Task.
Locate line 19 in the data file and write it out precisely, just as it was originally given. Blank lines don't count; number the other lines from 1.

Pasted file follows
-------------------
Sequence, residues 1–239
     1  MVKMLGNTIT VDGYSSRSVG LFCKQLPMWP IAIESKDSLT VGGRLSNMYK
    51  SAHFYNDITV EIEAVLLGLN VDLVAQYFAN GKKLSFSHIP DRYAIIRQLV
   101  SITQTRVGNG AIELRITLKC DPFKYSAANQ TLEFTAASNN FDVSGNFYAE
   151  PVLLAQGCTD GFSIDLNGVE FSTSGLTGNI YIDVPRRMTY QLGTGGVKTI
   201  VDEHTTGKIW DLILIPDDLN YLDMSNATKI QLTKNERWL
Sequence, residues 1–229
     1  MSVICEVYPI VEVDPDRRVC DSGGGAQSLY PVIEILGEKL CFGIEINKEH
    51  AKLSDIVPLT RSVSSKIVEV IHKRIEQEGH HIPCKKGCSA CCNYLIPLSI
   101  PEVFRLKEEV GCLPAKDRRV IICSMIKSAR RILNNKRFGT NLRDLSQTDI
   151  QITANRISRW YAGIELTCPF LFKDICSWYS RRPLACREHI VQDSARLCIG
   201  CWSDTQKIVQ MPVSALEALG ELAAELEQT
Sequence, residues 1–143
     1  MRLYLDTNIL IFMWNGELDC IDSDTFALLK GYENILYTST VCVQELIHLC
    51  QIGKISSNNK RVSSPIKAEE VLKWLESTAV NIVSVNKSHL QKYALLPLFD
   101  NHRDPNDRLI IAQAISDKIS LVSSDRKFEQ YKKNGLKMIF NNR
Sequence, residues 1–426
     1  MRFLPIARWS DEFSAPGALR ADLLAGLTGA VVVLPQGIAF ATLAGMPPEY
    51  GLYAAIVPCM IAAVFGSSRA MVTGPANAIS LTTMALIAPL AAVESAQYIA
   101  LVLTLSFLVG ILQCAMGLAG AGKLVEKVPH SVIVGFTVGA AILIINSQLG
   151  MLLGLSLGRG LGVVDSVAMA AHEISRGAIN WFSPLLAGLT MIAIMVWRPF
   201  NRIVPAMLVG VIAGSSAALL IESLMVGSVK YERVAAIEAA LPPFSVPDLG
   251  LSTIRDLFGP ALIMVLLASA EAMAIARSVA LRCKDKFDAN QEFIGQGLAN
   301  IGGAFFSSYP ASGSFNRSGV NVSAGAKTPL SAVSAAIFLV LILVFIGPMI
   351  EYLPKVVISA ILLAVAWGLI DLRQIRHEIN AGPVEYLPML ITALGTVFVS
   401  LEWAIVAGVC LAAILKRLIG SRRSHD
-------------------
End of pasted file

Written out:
    51  GLYAAIVPCM IAAVFGSSRA MVTGPANAIS LTTMALIAPL AAVESAQYIA